Sope Dirisu

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Ṣọpẹ Dìrísù
Humans MCM London Comic Con Panel 2015 (Sope Dirisu cropped).jpg
Dirisu in 2015
Born (1991-01-09) 9 January 1991 (age 30)
Edgware, London, England
Years active2012–present

Ṣọpẹ Dìrísù (Yoruba pronunciation: [ʃɔ̄k͡pɛ́ dìɾísù]; born 9 January 1991) is a British Nigerian actor.[1][2][3][4] He made his film debut in 2016 with Sand Castle, Criminal, and The Huntsman: Winter's War.[4]

Early life[edit]

Dirisu was born in 1991 in Edgware, London, to Nigerian parents.[4] He was educated at Bedford Modern School, where he excelled at drama, and joined the National Youth Theatre in 2006.[4][5][6] He later studied Economics at the University of Birmingham. While studying he also played QB for the University of Birmingham Lions American Football team.[4][7]


In 2012, Dirisu successfully auditioned for the Royal Shakespeare Company’s Open Stages Programme.[4] His first stage role was as Pericles in Shakespeare’s Pericles, Prince of Tyre.[4] After the Royal Shakespeare Company, Dirisu returned to the National Youth Theatre where he trained in the REP company programme for eight months.[1][2] He has subsequently acted in a number of television series including The Mill, Utopia, Humans, The Casual Vacancy, Siblings and Undercover.[2][1][8][9]

Dirisu appeared in three 2016 films, Criminal, The Huntsman: Winter's War, and Sand Castle.[4] In 2016, he also appeared in "Nosedive", an episode of the anthology series Black Mirror.

Dirisu received a Commendation at the Ian Charleson Awards for his 2017 performance as Coriolanus in Coriolanus at the Royal Shakespeare Company.[10]

He was nominated as Best Actor for the 2020 British Independent Film Awards for his role as Bol in the film His House.[11]



Year Title Role Notes
2016 Criminal Fire Officer
2016 The Huntsman: Winter's War Tull
2017 Sand Castle Sgt. Cole
2020 His House Bol
2021 Mothering Sunday Donald
2021 Silent Night James
TBA Mr. Malcolm's List Mr. Malcolm Post-production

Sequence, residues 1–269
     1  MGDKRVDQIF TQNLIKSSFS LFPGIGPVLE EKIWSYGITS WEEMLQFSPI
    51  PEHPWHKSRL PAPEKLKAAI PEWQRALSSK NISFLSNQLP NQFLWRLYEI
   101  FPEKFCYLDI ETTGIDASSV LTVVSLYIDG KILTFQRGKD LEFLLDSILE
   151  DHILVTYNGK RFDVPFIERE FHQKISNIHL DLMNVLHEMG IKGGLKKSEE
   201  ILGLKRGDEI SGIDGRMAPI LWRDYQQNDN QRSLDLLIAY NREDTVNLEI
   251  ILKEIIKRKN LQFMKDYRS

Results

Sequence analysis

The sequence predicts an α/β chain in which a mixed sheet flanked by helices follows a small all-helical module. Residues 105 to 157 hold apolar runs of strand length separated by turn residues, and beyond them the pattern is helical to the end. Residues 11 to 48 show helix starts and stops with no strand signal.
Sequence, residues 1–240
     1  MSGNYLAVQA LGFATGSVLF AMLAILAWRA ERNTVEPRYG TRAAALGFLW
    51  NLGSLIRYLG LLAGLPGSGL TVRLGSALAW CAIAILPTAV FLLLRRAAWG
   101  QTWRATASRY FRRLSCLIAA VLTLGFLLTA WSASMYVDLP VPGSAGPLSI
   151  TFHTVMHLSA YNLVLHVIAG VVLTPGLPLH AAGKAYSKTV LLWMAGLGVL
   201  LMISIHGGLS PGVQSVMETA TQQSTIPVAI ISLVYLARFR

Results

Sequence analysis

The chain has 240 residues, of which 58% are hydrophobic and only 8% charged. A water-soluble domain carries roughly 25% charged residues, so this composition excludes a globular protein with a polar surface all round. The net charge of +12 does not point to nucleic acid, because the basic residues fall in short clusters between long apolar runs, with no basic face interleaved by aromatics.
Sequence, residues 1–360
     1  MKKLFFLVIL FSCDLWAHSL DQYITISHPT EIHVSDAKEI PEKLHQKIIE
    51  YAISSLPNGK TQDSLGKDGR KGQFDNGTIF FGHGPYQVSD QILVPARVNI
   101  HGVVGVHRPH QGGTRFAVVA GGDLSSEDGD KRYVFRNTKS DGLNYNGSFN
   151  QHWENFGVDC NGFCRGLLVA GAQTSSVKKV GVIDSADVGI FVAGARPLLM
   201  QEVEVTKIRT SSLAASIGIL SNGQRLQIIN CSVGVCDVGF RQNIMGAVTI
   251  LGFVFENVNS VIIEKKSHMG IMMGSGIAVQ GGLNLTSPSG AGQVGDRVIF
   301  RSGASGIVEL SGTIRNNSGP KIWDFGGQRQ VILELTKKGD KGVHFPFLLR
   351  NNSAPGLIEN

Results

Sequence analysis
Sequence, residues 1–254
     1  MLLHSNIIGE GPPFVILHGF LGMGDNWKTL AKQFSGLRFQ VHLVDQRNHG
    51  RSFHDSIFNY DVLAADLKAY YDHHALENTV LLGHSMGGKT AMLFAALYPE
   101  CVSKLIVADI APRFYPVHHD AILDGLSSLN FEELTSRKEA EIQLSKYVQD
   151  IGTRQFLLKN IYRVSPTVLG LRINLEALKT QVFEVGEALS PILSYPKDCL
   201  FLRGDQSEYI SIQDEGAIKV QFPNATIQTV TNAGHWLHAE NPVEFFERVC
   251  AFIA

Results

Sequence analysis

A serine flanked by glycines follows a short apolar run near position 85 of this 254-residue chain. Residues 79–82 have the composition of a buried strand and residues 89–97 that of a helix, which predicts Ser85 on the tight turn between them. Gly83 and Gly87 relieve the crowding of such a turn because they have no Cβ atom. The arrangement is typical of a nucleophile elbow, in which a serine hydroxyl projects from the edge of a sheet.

Year Title Role Notes
2014 Utopia Roy Episode: "Episode 4"
2014 The Mill Peter 6 episodes
2015 The Casual Vacancy Young Doctor 3 episodes
2015 Humans Fred 8 episodes
2016 Black Mirror Man in Prison Episode: "Nosedive"
2016 Undercover Michael Antwi 4 episodes
2016 Siblings Zeff Episode: "Golden Aunt"
2017 The Halcyon Sonny Sullivan 8 episodes
2020 Gangs of London Elliot Finch 9 episodes
2021 His Dark Materials Sergi (voice) Episode: "The City of Magpies"


6 October - 3 December 2016, as Cassius Clay in One Night in Miami by Kemp Powers, at Donmar Warehouse in London, alongside David Ajala as Jim Brown, Arinzé Kene as Sam Cooke, Francois Battiste as Malcolm X.

Other theatre includes The Whipping Man, Tory Boyz, Romeo and Juliet, Prince of Denmark, Red Riding Hood, Our Days of Rage, Fallujah, Pericles (RSC).

Dirisu received a Commendation at the Ian Charleson Awards for his 2017 performance as Coriolanus in Coriolanus at the Royal Shakespeare Company.[10]

Awards and nominations[edit]

Year Award Category Work Result Ref
2021 British Independent Film Award Best Performance by an Actor His House Nominated [12]
British Academy Film Award Rising Star Award Nominated [13]


  1. ^ a b c "The Mill". Channel 4.
  2. ^ a b c Thomas Hescott (16 February 2016). "My first audition: Sope Dirisu". The Stage.
  3. ^ "Sope Dirisu".
  4. ^ a b c d e f g h "The Thespian". Interview Magazine.
  5. ^ "Show business success for OBMs". Bedford Modern.
  6. ^ "OBMs Crowdfund for new film". Bedford Modern.
  7. ^ "Spotlight".
  8. ^ "BBC One - The Casual Vacancy, Episode 1 - Credits". BBC.
  9. ^ "My Favourite Things with actor Sope Dirisu". Western Morning News.
  10. ^ a b "And the winners are... Find out who triumphed at the Ian Charleson Awards". The Sunday Times. 27 May 2018.
  11. ^ Wade, Joseph (18 February 2021). "2020 British Independent Film Awards – Winners List". Retrieved 23 February 2021.
  12. ^ "Winners and Nominations". BIFA. Retrieved 10 March 2021.
  13. ^ Ritman, Alex. "BAFTA Nominations: 'Nomadland,' 'Rocks' Lead Charge in Most Diverse List in Awards' History". The Hollywood Reporter. Retrieved 10 March 2021.

External links[edit]